“Like it’s haunted!” she said.

With the reopening, customers outnumber ghosts in the store again, and a chocolate carousel is spinning in the window. To protect herself and her staff at the counter, Ms. Vlahakis, who wears a mask and asks that customers do the same, installed plexiglass. Only three patrons can come in at a time, but a cross section of the diverse city parades through each day. One recent afternoon, an assistant prosecutor picked up five bags filled with boxes, a vagrant bought a bar with loose change and a St. Peter’s University student asked whether she could use Apple Pay. Ms. Vlahakis does not take Apple Pay, but joked that she could dip an apple in chocolate instead.

Susan Butler was buying for a reunion with high school friends. She informed Ms. Vlahakis that when she was pregnant with her daughter, her daily exercise was walking a few blocks to Lee Sims to pick up chocolate and then walking back.

“Oh, when was that?” Ms. Vlahakis said.

“Well, she’s 51 now!” Ms. Butler said.

During the lockdown, Ms. Butler worried that the shop would be closed forever. “It’s a landmark, a piece of home,” she said. “Most of the places we grew up with, like the bakery, are gone. It’s memories to us.”

Credit…Victor Llorente for The New York Times

Rob Giumarra, a 47-year-old actor who lives on a horse farm 50 miles north of Jersey City, first came three years ago with a girlfriend and, now three girlfriends removed, remains a patron. He asked for a quarter-pound of dark sea-salt caramels and a quarter-pound of truffles. As Ms. Vlahakis rang him up, Oreos dipped in dark chocolate caught his eye.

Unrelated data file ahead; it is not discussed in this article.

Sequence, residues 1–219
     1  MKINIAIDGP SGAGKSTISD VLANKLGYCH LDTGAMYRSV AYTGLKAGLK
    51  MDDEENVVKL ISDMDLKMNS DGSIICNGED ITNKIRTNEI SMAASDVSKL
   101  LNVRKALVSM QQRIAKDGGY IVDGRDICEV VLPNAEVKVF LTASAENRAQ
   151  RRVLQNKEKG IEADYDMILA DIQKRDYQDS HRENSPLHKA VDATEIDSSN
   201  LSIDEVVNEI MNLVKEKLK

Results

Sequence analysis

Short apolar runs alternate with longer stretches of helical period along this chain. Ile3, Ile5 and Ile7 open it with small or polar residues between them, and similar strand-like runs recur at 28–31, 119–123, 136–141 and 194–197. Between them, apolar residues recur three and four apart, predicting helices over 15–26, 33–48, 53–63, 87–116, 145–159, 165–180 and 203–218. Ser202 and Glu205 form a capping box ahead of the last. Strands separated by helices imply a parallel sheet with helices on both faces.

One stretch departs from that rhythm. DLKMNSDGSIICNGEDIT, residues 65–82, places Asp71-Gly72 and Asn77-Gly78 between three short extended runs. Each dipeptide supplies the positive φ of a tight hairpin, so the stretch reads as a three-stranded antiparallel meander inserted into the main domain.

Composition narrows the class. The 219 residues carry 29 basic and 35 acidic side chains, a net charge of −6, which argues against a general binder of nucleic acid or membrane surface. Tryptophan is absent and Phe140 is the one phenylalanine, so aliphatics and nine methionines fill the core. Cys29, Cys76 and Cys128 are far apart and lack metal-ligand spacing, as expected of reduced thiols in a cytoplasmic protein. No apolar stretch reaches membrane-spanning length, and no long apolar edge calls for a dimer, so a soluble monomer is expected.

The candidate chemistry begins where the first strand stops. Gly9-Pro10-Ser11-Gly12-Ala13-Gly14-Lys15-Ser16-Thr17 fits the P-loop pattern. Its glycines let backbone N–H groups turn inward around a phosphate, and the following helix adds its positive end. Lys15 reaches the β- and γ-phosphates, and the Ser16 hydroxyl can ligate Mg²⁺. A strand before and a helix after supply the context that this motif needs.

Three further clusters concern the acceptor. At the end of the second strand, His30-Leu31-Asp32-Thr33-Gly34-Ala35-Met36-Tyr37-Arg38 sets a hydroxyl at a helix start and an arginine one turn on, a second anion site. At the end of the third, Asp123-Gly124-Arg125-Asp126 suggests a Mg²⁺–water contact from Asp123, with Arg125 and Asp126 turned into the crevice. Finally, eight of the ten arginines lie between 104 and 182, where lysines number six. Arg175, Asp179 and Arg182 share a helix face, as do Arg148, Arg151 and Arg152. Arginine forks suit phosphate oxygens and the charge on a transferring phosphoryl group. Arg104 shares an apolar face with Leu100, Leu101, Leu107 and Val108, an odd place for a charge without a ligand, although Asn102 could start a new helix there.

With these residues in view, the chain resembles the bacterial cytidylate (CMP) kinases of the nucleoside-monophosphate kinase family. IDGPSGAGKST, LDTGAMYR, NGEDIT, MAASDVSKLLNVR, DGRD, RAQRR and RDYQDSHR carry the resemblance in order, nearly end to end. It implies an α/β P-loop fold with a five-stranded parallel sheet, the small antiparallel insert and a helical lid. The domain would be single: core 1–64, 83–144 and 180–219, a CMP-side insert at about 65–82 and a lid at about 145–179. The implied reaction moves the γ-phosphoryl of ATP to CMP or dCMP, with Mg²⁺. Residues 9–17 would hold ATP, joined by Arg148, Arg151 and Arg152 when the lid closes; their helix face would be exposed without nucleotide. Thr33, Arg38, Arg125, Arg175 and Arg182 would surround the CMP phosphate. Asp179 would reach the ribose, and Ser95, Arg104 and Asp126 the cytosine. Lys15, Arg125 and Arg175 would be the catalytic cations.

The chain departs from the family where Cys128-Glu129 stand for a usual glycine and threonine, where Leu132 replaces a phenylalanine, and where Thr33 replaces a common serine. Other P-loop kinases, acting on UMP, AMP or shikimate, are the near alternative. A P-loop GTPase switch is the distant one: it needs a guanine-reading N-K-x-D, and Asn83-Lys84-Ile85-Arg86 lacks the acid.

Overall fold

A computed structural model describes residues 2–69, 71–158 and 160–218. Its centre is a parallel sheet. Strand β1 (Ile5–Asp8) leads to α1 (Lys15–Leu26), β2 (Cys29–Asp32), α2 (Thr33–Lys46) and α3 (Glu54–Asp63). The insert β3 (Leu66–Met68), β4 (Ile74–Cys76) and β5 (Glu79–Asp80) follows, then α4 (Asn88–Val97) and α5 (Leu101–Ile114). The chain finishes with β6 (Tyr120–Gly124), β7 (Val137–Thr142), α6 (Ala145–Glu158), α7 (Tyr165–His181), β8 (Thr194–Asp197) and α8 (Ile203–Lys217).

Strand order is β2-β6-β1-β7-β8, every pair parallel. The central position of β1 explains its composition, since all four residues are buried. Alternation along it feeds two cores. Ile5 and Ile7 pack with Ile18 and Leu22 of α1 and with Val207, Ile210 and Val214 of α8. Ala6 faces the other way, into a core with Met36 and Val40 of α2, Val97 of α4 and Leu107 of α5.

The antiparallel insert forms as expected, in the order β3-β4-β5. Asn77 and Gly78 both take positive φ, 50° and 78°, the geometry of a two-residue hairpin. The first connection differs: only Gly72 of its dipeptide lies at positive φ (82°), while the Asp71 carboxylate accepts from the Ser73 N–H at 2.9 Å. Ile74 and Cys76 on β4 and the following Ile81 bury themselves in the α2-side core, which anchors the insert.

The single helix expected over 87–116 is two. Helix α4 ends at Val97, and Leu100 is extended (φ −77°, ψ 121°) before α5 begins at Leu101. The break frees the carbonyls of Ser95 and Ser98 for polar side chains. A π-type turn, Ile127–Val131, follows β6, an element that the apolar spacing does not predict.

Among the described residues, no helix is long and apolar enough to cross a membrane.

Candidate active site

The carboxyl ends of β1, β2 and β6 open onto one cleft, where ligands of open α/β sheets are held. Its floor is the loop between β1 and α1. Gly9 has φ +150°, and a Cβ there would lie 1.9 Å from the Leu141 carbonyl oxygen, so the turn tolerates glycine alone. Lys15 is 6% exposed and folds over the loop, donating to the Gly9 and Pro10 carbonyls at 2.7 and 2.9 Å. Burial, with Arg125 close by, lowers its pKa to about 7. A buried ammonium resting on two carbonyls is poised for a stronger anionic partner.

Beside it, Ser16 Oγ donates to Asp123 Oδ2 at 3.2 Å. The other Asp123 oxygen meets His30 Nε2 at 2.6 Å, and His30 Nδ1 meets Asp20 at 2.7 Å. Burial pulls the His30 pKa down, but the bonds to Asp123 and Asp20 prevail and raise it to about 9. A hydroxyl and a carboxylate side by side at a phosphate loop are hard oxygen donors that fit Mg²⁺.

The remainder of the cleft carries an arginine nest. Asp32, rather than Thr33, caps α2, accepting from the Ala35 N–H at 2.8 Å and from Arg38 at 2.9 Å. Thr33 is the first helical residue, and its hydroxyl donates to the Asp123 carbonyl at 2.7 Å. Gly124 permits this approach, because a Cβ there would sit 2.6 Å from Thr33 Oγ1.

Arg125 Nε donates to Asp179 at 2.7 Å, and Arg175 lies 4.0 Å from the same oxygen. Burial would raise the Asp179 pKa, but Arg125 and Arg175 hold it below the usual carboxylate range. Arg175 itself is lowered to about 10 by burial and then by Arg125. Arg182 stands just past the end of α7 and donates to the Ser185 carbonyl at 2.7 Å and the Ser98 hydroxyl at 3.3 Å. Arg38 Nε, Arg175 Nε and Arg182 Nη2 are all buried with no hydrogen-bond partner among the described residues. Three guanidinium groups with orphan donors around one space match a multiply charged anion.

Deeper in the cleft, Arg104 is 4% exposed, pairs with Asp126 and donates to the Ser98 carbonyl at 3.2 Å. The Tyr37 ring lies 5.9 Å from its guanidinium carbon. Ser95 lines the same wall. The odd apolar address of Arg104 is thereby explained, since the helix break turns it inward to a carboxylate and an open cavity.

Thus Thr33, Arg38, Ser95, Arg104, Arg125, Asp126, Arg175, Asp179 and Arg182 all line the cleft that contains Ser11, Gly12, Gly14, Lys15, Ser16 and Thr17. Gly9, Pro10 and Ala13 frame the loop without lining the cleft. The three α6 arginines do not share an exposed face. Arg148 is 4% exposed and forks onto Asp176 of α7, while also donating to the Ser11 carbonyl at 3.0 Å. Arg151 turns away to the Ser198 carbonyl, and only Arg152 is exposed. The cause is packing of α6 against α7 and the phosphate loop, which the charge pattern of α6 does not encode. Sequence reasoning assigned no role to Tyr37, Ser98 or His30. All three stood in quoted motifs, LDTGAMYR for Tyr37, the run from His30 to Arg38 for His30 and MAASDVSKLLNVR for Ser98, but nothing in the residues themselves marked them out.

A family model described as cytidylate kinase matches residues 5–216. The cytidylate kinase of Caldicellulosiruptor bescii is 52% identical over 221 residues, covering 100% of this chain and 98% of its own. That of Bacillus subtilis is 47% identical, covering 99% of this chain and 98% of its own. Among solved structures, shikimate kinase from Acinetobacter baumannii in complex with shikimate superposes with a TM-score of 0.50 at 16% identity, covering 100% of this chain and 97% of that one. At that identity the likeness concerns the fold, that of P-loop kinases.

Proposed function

“Oh, ho, ho!” he said. “I didn’t know you had those. Next time.”

He paid and exited. Twenty-seven seconds later he returned.

“Uh, oh. What did you forget?” Ms. Vlahakis said.

“Nothing,” Mr. Giumarra said. “I need a quarter-pound of them Oreos. Too damn good.”

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The Trump campaign celebrated a growth record that Democrats downplayed.

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The White House celebrated economic growth numbers for the third quarter released on Thursday, even as Joseph R. Biden Jr.’s presidential campaign sought to throw cold water on the report — the last major data release leading up to the Nov. 3 election — and warned that the economic recovery was losing steam.

The economy grew at a record pace last quarter, but the upswing was a partial bounce-back after an enormous decline and left the economy smaller than it was before the pandemic. The White House took no notice of those glum caveats.

“This record economic growth is absolute validation of President Trump’s policies, which create jobs and opportunities for Americans in every corner of the country,” Mr. Trump’s re-election campaign said in a statement, highlighting a rebound of 33.1 percent at an annualized rate. Mr. Trump heralded the data on Twitter, posting that he was “so glad” that the number had come out before Election Day.

The annualized rate that the White House emphasized extrapolates growth numbers as if the current pace held up for a year, and risks overstating big swings. Because the economy’s growth has been so volatile amid the pandemic, economists have urged focusing on quarterly numbers.

Those showed a 7.4 percent gain in the third quarter. That rebound, by far the biggest since reliable statistics began after World War II, still leaves the economy short of its pre-pandemic levels. The pace of recovery has also slowed, and now coronavirus cases are rising again across much of the United States, raising the prospect of further pullback.

“The recovery is stalling out, thanks to Trump’s refusal to have a serious plan to deal with Covid or to pass a new economic relief plan for workers, small businesses and communities,” Mr. Biden’s campaign said in a release ahead of Thursday’s report. The rebound was widely expected, and the campaign characterized it as “a partial return from a catastrophic hit.”